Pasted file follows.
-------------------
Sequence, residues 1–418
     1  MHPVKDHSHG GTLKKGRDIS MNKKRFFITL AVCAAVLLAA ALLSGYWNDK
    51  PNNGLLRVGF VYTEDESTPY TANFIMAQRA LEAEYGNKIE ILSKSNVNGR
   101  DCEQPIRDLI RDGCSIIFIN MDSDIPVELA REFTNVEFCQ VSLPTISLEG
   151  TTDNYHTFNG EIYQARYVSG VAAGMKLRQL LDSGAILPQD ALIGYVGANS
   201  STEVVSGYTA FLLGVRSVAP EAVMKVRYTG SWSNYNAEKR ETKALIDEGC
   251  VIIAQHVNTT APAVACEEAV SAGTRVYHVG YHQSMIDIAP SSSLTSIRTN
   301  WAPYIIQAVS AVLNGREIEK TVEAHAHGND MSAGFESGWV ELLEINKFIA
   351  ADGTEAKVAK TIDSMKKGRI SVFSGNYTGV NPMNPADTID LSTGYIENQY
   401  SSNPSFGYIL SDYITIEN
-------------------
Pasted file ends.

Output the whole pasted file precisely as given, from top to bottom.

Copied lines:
Sequence, residues 1–418
     1  MHPVKDHSHG GTLKKGRDIS MNKKRFFITL AVCAAVLLAA ALLSGYWNDK
    51  PNNGLLRVGF VYTEDESTPY TANFIMAQRA LEAEYGNKIE ILSKSNVNGR
   101  DCEQPIRDLI RDGCSIIFIN MDSDIPVELA REFTNVEFCQ VSLPTISLEG
   151  TTDNYHTFNG EIYQARYVSG VAAGMKLRQL LDSGAILPQD ALIGYVGANS
   201  STEVVSGYTA FLLGVRSVAP EAVMKVRYTG SWSNYNAEKR ETKALIDEGC
   251  VIIAQHVNTT APAVACEEAV SAGTRVYHVG YHQSMIDIAP SSSLTSIRTN
   301  WAPYIIQAVS AVLNGREIEK TVEAHAHGND MSAGFESGWV ELLEINKFIA
   351  ADGTEAKVAK TIDSMKKGRI SVFSGNYTGV NPMNPADTID LSTGYIENQY
   401  SSNPSFGYIL SDYITIEN